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Tapped Out

Updated: Apr 16, 2020

Tapped Out Written by C. Noakes

Read by Emma-Jane Weeks, Odhrán McNulty, Ryan Eales and Jamie Holden.

Album Artwork by James Horne

Sound Design by Leonora Nicholson

"Tapped Out" is a poignant and resonating poem that truly captures the vivid atmosphere of Cardiff nightlife and the desolation left behind when bars, pubs and restaurants were closed.

We are privileged to have some fascinating insight from the writer about his inspiration for the poem.

" I went out into the centre on that date, knowing full well the bars were closing. Cardiff is a notorious place for boozing, so for the doors to close and drinks stop flowing, I saw it as a signifier of the magnitude of COVID-19. Cardiff's “libido" being the innate drive of what keeps Cardiff awake.

The feeling wasn't like a ‘last hurrah.’ It was quiet, an ominous weight was on everyone’s mind and Tiny Rebel was the only bar selling until the last. People were drinking fast and buying cans in bulk, which the bar was trying to get rid of (expiry dates). Police threw everyone out at midnight on the dot, and the walk home was dead silent.

I imagined the bars being abandoned, claimed by the decay of being unused. I saw them as stars of the city, normally shining in the night, and now the lights were off until June (there was talk of the lockdown coming to a close by June, but it seems unlikely now).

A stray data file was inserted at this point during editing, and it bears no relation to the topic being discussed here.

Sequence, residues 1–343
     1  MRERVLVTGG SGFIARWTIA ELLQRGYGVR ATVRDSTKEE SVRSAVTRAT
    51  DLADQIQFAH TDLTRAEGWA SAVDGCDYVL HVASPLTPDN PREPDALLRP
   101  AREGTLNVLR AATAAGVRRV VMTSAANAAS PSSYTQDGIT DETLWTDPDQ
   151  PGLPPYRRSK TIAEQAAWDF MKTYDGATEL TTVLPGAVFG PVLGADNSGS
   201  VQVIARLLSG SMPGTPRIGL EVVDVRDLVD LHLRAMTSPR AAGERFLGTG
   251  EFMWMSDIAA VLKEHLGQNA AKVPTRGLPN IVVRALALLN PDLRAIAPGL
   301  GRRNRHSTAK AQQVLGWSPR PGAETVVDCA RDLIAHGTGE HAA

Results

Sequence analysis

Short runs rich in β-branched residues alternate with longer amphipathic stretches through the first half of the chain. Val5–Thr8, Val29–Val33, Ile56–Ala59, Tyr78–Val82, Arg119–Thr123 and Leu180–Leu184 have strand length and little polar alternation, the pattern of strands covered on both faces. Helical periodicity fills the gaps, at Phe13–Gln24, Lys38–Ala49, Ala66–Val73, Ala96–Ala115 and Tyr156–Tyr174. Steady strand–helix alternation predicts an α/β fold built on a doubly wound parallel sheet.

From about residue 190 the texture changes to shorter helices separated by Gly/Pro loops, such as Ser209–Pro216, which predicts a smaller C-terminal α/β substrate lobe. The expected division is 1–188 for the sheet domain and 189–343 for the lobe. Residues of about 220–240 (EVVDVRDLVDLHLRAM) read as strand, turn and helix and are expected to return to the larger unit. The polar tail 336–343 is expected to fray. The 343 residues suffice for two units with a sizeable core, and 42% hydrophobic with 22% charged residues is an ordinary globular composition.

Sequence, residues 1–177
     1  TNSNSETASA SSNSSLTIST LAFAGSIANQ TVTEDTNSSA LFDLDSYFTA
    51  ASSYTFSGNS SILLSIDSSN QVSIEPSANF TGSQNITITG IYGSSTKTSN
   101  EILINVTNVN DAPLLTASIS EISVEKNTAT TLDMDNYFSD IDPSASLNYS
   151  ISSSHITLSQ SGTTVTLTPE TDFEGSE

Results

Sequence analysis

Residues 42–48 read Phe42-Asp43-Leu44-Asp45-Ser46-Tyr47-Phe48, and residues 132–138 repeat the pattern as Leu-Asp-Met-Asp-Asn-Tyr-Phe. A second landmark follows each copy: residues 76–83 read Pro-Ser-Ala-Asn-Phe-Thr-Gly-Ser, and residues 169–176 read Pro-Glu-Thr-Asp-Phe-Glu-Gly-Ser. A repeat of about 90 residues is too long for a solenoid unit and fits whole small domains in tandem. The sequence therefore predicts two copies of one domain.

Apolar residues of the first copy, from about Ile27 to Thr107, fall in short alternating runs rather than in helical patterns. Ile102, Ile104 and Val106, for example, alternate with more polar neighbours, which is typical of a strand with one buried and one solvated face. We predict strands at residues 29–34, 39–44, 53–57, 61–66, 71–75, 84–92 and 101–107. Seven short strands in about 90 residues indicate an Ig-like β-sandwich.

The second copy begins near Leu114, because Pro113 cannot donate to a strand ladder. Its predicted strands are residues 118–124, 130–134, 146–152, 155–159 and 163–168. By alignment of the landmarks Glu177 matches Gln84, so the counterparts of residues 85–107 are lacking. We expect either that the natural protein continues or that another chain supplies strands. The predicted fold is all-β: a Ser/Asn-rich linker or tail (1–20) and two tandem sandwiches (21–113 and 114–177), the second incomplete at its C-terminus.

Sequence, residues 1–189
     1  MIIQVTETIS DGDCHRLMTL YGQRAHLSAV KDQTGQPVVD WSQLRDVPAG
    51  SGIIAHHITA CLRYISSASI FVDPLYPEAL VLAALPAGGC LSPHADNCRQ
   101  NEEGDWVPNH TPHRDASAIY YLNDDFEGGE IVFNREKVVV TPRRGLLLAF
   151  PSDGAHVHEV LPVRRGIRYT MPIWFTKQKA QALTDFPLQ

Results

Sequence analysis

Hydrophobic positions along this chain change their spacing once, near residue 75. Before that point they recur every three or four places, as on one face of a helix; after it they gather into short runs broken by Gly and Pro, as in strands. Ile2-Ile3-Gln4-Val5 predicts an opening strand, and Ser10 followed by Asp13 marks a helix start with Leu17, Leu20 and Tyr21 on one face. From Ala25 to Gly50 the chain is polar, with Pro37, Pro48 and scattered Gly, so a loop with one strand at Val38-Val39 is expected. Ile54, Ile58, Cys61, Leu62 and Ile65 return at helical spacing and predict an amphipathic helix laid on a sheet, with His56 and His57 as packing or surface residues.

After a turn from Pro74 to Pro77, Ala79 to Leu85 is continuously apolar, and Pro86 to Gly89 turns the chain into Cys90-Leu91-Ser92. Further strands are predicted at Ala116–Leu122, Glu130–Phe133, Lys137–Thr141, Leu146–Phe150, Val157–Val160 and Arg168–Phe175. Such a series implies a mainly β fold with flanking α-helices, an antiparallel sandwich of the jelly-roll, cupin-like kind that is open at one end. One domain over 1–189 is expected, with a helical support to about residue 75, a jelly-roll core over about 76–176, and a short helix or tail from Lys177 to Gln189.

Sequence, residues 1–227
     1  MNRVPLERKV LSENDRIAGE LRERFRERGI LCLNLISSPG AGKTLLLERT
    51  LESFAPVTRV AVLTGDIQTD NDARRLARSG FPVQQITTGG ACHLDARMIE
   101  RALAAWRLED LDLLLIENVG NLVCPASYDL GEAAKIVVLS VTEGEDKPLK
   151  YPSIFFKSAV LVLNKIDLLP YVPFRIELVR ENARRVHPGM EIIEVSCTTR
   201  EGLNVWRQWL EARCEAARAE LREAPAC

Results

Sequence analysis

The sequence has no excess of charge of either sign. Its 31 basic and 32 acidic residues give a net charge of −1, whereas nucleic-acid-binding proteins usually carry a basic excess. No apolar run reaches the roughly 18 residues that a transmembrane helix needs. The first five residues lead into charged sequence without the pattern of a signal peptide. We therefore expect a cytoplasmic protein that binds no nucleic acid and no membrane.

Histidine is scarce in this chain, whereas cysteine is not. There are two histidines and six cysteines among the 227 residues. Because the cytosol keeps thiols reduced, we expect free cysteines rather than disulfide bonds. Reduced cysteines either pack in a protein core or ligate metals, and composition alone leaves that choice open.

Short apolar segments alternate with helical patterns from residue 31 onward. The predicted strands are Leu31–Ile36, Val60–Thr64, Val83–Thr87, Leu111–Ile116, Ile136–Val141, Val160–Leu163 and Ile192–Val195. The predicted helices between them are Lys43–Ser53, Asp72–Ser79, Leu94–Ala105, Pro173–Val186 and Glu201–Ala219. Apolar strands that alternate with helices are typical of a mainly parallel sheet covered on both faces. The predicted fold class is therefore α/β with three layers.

“Goodbye, for now” is indicative of Cardiff’s predisposition; our culture will return after the “fever" of the pandemic. The natural life of the city will only be avoided if we all “tap out" and succumb to the virus.

The poem is grave and melancholy, but closing the bars is one of those things that will be remembered. The 20th March is the day they closed the bars, and the day they'll reopen is TBA. But, Cardiff will return grasping it with both arms.

-Calum Noakes

And from the Artist..

“I guess I try and pick out a narrative to illustrate, so I imagined this male character with the poem as a sort of booze-influenced monologue, sitting at the bar. The smaller figure as himself walking home on his phone checking social media, and the empty pint glass coming down is the impending isolation. But despite all that I still wanted to add my own little hope in there by adding in a few stars into the dark sky, so that it isn't a totally hopeless sentiment. I did it as a print as that's what I'm exploring now and I wanted to see what I could do with it, but I quite like the approach of it where you have to flip everything as it prints in reverse, seemed to be appropriate where the world feels a bit flipped right now!”

-James Horne

This is our first poem of Pandemic Poetry, a project for bringing together writers, readers and artist in this time of isolation. Please get in touch if you would like to be involved.

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